PORTLAND, Ore. -- The governor of Montana apparently will not join Oregon and Washington in the so-called Three Sovereigns process for salmon recovery and nearly half the affected Indian tribes are having doubts, The Oregonian has reported. The development was seen as a setback for Oregon Gov. John Kitzhaber's efforts to break a deadlock over salmon recovery with a regional problem-solving approach.
In addition to Montana Gov. Marc Racicot's concerns, six of 13 Indian tribes -- all of whom are considered critical to any successful salmon recovery restoration strategy -- also are uncertain about participating.
Idaho Gov.-elect Dirk Kempthorne has withheld his support from the Three Sovereigns approach since last spring because of concerns that it would require the state to surrender its rights to some kind of regional authority. ``I can't do that,'' Kempthorne said.
The development means no quick end to disputes among the states, tribes, and federal agencies over salmon recovery that has cost over $3 billion during the past 15 years without producing any marked results.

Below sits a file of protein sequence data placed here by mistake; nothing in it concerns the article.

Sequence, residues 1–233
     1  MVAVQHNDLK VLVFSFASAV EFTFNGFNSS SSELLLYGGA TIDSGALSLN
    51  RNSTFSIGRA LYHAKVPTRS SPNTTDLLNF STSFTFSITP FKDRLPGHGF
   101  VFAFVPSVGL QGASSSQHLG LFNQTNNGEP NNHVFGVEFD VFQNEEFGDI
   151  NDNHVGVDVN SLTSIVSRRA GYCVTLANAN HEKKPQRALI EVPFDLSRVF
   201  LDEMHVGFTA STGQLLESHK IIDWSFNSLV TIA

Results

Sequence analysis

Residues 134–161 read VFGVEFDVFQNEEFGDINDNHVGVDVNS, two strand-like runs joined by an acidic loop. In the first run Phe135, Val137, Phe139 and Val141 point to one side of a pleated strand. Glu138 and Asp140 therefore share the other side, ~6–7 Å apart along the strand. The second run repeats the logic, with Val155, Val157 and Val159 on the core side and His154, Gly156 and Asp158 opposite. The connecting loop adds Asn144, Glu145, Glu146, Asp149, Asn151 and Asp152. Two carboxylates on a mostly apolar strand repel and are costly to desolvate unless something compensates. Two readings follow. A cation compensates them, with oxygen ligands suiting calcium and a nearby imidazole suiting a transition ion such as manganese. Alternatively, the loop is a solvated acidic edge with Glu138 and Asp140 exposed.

The governors, federal officials, and tribal leaders -- representing three sovereigns -- were scheduled to meet in Portland to commit to signing a memorandum of agreement outlining a new form of regional governance called the Columbia Basin Forum.
But several problems have developed:
Some tribal leaders say recent actions by the Oregon attorney general's office have raised suspicions. Olney Patt Jr., council chairman of the Confederated Tribes of the Warm Springs Reservation of Oregon, cited the state's opposition last year to a federal proposal to abolish an 1865 treaty that severely restricted tribal rights to hunting. Oregon also tried this fall to block an agreement with the federal government to extend a tribal salmon fishing season.
Advocates of the new forum, including Kitzhaber aides and top federal officials, contend it is still alive and that skepticism on the part of the states and tribes could moderate.
``My attitude is, let's leave the door open.'' said Danny Consenstein, Columbia River coordinator for the National Marine Fisheries Service. ``I haven't given up on them.''
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